TODAY: Relations with Turkey at their worst in decades, Merkel caught in the middle; Putin’s former bodyguard given governor appointment; formal claim made at UN for Arctic sea bed; NATO wants constructive talks with Russia, not conflict; demonstrators removed before extensive Moscow commercial building demolition; opposition leader Kasyanov attacked.
Kremlin spokesman Dmitry Peskov says relations with Turkey are at the worst they have been in several decades; Russia’s ambassador to Turkey says contact between the two will not be restored unless Ankara changes its position. German Chancellor Angela Merkel understands this perfectly well, says Foreign Affairs committee member Alexey Pushkov, arguing that her statement about being horrified by Russia and Syria’s actions in Syria was very pointedly made during a visit to Turkey. Bloomberg argues that the chaos created by Russian bombing along Turkey’s shared border with Syria will further Vladimir Putin’s goals in Turkey and Europe, and destabilise his ‘two foes’, Erdogan and Merkel, who are currently working together to divert the flow of refugees away from Germany. Alexei Dyumin, Vladimir Putin’s former bodyguard of several years, has been appointed acting governor of the Tula region, sparking speculation that he is being groomed for a quick ascent into a more powerful position. The Russian Minister of Natural Resources made a formal presentation to the United Nations of Russia’s claim to the Arctic Ocean seabed yesterday, which if accepted would give Moscow reign over the area for oil drilling. NATO wants ‘constructive talks’ with Russia, not confrontation, according to Secretary-General Jens Stolgenberg. Russian armaments deployed in Kaliningrad currently are limiting NATO’s capabilities in the Baltic. Russia’s representative to the EU says there is an accumulation of a critical mass in favour of lifting anti-Russian sanctions, due to the economic damage inflicted on other EU economies in their wake.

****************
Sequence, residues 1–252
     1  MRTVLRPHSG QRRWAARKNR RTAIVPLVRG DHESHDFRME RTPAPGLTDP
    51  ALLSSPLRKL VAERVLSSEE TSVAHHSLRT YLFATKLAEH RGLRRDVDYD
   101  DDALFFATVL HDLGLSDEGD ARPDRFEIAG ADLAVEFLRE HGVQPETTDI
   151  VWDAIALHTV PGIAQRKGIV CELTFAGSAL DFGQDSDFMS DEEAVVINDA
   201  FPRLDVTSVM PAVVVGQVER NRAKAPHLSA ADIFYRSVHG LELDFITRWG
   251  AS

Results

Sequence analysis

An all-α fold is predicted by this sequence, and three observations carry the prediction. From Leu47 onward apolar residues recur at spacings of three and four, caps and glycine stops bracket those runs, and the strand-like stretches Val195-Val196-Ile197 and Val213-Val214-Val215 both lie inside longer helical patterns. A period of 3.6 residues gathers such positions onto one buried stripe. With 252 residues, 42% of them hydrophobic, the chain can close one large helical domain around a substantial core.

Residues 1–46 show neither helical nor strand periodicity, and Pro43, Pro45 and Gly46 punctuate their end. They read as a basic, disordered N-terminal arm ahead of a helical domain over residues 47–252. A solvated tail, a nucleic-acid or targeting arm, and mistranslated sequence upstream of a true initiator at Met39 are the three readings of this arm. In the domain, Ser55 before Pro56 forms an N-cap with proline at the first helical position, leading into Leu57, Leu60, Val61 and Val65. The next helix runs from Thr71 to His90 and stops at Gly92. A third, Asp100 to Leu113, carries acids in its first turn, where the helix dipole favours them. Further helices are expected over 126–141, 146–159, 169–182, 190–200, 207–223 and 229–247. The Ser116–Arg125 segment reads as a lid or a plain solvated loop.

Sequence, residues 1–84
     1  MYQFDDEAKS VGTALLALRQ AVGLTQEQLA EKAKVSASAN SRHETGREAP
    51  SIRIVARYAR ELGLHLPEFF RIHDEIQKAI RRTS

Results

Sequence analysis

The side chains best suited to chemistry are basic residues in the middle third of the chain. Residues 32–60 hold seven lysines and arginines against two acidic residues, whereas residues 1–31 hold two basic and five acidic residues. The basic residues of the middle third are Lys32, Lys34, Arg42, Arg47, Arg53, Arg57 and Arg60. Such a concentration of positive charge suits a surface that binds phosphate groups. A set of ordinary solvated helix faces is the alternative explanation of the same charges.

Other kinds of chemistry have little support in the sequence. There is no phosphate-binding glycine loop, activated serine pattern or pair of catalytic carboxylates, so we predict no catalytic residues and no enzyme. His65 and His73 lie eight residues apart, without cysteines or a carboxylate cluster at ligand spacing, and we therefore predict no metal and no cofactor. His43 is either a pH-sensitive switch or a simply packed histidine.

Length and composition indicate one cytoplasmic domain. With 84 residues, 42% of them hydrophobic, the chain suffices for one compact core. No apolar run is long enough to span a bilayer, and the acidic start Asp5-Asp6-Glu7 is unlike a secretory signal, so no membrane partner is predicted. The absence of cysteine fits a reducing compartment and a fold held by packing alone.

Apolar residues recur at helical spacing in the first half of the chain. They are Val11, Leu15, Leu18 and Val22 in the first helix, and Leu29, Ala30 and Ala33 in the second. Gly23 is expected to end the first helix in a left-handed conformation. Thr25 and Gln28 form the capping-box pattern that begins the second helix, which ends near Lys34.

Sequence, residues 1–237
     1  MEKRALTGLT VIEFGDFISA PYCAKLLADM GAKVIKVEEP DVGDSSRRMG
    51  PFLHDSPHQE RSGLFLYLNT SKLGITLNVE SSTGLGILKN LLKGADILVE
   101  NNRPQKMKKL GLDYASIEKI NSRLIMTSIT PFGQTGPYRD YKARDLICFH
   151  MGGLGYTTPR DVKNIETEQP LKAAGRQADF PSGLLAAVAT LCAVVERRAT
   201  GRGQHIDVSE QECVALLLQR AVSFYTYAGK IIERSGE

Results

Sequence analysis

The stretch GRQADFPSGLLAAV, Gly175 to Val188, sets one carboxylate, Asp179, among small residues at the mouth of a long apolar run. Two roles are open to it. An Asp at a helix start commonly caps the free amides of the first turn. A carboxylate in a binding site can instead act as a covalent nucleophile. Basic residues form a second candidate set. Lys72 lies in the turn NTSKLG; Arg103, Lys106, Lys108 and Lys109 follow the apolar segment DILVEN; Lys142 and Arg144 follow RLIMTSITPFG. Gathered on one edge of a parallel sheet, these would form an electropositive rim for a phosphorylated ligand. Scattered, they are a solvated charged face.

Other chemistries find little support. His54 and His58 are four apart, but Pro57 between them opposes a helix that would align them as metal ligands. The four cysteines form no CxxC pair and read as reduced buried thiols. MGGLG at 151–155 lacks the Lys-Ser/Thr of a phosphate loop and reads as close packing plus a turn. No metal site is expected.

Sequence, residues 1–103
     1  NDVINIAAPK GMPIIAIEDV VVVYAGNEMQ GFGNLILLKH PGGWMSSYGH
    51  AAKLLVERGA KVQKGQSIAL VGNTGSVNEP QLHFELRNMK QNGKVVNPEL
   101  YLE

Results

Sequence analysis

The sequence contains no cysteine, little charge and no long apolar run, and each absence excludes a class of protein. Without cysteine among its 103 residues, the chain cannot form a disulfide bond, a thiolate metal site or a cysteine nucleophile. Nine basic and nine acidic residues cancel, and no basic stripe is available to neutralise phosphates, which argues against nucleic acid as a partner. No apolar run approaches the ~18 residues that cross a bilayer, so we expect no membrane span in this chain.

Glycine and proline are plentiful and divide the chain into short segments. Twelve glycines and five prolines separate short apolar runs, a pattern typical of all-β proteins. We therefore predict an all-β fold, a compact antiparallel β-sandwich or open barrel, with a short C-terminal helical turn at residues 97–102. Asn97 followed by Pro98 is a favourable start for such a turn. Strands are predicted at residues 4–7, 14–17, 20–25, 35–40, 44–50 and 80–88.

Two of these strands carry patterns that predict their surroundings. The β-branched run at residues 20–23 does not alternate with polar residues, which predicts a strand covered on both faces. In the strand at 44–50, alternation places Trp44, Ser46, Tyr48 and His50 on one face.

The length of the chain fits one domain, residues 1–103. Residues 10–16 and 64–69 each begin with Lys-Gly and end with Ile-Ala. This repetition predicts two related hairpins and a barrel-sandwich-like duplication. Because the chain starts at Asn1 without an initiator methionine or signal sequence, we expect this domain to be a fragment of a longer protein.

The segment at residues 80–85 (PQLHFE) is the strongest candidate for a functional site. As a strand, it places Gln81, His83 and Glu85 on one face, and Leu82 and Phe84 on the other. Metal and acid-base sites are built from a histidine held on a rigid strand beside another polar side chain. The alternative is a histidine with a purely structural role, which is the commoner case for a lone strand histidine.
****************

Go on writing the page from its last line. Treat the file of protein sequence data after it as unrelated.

Moscow enacted a large-scale demolition of small shopping centers and kiosks on Monday night (click for video), with authorities saying that the buildings were all constructed illegally; the owners and tenants all opposed the demolition, and protesters were escorted out of the buildings by police before the buildings were destroyed. One shopping center director said an arbitration court had confirmed his building’s legal status. There was another small protest on Monday night outside the Central Bank, by foreign currency mortgage holders demanding debt relief. Opposition leader Mikhail Kasyanov, who was recently targeted online by Chechen leader Ramzan Kadyrov, was attacked last night in a Moscow restaurant by a gang of men who smeared him with cake and shouted death threats.
A US-funded report on censorship in Russia quotes various Russian artists and publishers on Roskomnadzor’s tactics for suppressing ‘extremist’ materials. Moscow’s airports have lost $76 million from the ban on flights to Turkey, Egypt and Ukraine. Putin says there are no financial catastrophes, and that Russia is overcoming current problems ‘with good or satisfactory results’. Russia has begun its appeal against an international arbitration order that it pay $50 billion in damages to former shareholders of the now defunct oil giant Yukos.
PHOTO: Russian Prime Minister Dmitry Medvedev, right, examines a tram while visiting Tver railway plant in the city of Tver, about 160 kilometers (100 miles) northwest of Moscow, Russia, Tuesday, Feb. 9, 2016. (Alexander Astafyev/Sputnik, Government Pool Photo via AP)